Wayne County Prosecutor Kym Worthy blamed “substandard” police work and a lack of evidence Tuesday as among the reasons she decided not to criminally charge three men who wrote Facebook posts that threatened or denigrated police officers.

A case against a fourth man arrested last month is still being investigated by police, Worthy said in a statement Tuesday.

Worthy said she couldn’t prove the men were in Wayne County when they typed the threats and said police did not read some of the suspects their Miranda rights.

“These cases are very serious and the police investigation must be equally serious and thorough,” Worthy said. “DPD has many fine investigators, but the work in the four Facebook cases was substandard. When this happens, we must request further investigation.

“We cannot fly by the seat of our pants in charging cases. The police are trained to know when they must give Miranda rights, and they are aware that a viable case is not possible with Miranda violations and no other evidence.”

Worthy’s decision was blasted by Police Chief James Craig, who said his officers were in constant contact with prosecutors about what was needed in the investigation — “only to find out in an 8-page press release there were supposedly problems.”

“She didn’t have the courtesy to tell us if there were any issues,” Craig said. He added the four men were arrested for traffic warrants, which is why he said they weren’t read their Miranda rights.

“We didn’t pick them up for the threats; it was for traffic warrants. So to make it sound like we did sloppy work is disingenuous.

“We were in constant communication with them. At my direction, my investigators called prosecutors several times a week. If there were problems, why didn’t they tell us about them? We have to find out from a press release? I’m sorry; that’s ridiculous.”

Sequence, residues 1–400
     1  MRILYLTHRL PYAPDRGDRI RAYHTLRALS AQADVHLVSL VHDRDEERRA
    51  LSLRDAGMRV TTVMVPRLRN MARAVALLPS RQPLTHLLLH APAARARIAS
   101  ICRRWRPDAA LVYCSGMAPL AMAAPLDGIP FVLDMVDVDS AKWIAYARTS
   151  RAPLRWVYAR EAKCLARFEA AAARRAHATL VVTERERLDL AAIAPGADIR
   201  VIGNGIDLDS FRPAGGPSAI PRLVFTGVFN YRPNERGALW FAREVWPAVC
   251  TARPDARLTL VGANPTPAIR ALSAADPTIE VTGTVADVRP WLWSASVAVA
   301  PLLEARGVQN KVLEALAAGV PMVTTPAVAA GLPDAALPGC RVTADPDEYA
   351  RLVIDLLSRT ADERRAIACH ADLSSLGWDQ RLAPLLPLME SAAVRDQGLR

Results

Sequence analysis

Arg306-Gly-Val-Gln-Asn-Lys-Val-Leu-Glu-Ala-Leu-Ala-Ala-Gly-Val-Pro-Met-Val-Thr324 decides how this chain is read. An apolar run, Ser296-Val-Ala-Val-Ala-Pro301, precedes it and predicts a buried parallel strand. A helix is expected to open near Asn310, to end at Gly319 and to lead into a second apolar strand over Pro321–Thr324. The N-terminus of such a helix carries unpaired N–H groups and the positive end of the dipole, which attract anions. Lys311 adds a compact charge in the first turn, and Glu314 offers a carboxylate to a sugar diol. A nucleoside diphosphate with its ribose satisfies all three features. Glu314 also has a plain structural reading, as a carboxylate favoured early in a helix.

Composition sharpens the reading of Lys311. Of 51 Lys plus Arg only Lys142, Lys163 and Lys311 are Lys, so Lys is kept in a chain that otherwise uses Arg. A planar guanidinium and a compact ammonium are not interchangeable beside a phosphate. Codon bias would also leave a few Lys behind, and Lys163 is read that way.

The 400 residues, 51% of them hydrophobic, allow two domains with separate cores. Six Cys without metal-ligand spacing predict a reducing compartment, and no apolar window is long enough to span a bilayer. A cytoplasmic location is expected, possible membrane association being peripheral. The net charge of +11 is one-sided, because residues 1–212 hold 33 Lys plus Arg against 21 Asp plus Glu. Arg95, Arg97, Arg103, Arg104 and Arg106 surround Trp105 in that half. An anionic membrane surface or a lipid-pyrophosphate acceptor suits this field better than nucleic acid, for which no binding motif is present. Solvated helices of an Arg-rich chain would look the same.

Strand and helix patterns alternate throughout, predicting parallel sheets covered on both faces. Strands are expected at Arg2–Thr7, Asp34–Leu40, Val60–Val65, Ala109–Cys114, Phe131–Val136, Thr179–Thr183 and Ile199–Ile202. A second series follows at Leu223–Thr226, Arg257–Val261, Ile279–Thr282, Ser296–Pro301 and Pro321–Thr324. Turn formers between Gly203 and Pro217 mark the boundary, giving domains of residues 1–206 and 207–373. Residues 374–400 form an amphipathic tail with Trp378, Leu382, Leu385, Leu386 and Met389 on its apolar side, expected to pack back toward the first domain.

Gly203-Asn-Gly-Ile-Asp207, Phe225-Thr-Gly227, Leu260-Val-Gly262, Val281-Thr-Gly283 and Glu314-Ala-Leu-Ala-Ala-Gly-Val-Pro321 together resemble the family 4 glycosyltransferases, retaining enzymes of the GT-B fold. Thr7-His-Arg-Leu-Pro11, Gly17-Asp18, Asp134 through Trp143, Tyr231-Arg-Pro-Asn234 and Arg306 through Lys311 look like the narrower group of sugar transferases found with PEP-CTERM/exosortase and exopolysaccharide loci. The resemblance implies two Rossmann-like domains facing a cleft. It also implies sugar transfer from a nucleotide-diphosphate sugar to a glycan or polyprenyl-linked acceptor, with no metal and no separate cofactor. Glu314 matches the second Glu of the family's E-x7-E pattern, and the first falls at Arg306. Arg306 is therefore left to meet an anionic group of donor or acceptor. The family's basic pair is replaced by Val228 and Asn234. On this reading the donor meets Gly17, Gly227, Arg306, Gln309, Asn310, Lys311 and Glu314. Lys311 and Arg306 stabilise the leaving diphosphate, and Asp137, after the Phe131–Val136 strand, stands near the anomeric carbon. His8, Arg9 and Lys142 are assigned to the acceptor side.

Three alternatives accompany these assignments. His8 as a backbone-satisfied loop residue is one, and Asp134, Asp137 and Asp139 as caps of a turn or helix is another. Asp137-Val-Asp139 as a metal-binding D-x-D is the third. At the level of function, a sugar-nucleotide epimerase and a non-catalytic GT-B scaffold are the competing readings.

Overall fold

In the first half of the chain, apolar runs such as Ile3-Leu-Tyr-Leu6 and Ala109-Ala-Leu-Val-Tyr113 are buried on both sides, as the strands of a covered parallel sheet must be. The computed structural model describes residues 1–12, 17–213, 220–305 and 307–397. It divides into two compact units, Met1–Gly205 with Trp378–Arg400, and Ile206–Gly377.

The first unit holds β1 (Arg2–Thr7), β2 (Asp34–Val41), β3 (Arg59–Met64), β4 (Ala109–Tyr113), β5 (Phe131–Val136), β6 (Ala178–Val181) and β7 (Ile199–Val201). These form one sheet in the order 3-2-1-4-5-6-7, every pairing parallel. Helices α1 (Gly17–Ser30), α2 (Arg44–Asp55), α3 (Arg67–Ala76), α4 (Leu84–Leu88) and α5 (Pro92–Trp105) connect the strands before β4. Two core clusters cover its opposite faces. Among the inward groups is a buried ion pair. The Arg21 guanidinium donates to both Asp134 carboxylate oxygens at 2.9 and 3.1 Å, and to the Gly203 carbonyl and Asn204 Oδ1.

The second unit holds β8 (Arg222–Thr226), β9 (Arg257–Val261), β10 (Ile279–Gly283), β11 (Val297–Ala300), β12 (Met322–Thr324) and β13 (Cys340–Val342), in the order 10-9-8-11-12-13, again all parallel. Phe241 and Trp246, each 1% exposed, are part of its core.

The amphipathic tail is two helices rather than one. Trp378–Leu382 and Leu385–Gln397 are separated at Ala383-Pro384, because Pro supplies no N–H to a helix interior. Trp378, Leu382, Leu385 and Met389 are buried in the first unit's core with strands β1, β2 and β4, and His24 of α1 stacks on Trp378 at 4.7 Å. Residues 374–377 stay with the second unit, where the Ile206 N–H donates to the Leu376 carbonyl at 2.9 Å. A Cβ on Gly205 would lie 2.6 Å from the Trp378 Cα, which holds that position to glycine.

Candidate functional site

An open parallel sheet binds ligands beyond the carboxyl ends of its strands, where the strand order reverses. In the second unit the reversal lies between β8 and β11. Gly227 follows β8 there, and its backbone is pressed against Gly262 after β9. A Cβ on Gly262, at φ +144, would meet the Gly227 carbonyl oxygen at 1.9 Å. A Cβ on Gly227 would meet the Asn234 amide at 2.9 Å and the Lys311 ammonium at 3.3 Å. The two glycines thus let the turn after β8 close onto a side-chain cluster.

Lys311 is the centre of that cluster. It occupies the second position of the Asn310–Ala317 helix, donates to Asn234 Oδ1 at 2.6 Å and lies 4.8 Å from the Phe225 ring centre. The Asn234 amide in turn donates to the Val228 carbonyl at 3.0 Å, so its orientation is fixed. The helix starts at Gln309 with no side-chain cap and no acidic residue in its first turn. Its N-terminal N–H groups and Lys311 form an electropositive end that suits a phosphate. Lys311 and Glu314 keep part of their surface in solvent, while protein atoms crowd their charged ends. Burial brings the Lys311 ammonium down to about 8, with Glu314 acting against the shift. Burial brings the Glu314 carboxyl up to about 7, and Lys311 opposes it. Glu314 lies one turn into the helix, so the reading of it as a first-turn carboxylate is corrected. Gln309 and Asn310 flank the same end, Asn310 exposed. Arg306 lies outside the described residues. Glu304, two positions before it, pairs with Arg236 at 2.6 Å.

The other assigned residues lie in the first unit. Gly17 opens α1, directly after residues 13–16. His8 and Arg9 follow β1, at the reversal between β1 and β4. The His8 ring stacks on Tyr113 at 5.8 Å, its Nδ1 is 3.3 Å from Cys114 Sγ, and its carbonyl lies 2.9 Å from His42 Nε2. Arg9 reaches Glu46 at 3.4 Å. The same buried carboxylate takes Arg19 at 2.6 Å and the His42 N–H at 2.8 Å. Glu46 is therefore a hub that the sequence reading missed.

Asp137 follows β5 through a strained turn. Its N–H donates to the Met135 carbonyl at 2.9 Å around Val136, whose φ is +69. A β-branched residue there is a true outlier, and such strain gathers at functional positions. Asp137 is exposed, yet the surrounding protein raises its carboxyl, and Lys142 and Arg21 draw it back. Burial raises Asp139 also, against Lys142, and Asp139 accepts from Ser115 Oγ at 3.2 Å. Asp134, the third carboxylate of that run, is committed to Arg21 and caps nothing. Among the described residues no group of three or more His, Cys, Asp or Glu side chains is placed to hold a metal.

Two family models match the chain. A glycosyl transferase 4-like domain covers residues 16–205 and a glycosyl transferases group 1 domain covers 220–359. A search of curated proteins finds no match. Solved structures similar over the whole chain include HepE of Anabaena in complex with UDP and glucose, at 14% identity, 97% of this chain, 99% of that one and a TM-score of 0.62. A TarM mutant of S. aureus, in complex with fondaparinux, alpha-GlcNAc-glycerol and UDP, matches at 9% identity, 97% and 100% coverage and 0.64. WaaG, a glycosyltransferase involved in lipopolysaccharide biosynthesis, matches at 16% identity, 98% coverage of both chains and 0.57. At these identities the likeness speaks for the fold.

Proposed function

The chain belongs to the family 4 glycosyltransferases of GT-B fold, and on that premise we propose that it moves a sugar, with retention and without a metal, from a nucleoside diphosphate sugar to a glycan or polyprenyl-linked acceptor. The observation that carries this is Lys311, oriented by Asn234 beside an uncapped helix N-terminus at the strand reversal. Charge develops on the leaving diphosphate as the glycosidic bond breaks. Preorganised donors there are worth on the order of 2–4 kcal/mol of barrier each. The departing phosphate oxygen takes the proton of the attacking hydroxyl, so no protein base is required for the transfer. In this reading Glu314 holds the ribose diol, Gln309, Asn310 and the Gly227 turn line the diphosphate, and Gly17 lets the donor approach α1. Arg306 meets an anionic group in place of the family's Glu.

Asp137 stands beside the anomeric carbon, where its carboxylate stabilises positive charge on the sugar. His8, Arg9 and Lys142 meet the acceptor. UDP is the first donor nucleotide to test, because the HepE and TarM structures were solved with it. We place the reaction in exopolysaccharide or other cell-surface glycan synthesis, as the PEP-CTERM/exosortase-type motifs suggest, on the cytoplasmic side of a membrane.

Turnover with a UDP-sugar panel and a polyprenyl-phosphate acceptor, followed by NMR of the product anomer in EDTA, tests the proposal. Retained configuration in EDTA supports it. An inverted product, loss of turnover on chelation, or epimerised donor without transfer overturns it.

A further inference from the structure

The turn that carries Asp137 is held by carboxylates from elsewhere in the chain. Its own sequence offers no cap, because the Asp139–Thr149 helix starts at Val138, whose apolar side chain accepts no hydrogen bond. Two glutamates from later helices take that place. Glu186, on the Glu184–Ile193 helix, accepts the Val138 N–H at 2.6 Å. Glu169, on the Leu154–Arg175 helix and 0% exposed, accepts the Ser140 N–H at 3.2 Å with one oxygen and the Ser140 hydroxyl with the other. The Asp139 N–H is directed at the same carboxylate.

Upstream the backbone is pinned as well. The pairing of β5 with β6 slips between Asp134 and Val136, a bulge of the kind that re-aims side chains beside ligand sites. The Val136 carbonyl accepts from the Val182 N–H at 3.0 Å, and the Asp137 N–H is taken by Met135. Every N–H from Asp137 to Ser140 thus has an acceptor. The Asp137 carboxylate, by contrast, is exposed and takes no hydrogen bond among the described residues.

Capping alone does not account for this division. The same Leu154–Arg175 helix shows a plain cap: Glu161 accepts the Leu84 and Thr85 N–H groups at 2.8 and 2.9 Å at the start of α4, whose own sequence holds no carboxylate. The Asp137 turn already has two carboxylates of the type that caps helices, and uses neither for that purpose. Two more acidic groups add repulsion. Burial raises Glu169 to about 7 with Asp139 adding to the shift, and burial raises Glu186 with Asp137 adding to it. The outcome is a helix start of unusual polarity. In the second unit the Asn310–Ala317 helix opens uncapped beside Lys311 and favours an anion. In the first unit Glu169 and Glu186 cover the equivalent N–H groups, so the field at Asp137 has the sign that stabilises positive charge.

In separate incidents, police arrested four African-American men in early July, after they allegedly posted threats that included: “All lives can’t matter until black lives matter. Kill all white cops,” and “It’s time to wage war and shoot the police first.”

Detroit police on July 11 submitted warrant requests seeking charges of using a computer to make threats, a two-year felony, against the four men.

Detroit Police Officers Association President Mark Diaz also on Tuesday criticized Worthy’s decision.

“The decision not to charge these men with crimes is unfortunately not a surprise to those of us in the law enforcement community,” he said. “Time and again, Kym Worthy has shown she doesn’t support our front-line heroes or emergency service workers. This is par for the course with her.

“Her attempt to place the blame on Detroit police is despicable.”

Maria Miller, a spokeswoman for the Prosecutor’s Office, further explained.

“The police must provide evidence that the crime occurred in Wayne County for us to charge a crime,” she said. “We were not able to charge because the statements of two people violated Miranda, so we couldn’t use them to prove venue, and there were no other proofs on that issue. In the third case based upon our request for further work, it was documented that the suspect was in Puerto Rico, again, there was no venue in Wayne County.

“In all three cases, the was no proof that the crime was committed in Wayne County. Without that we can’t issue charges. “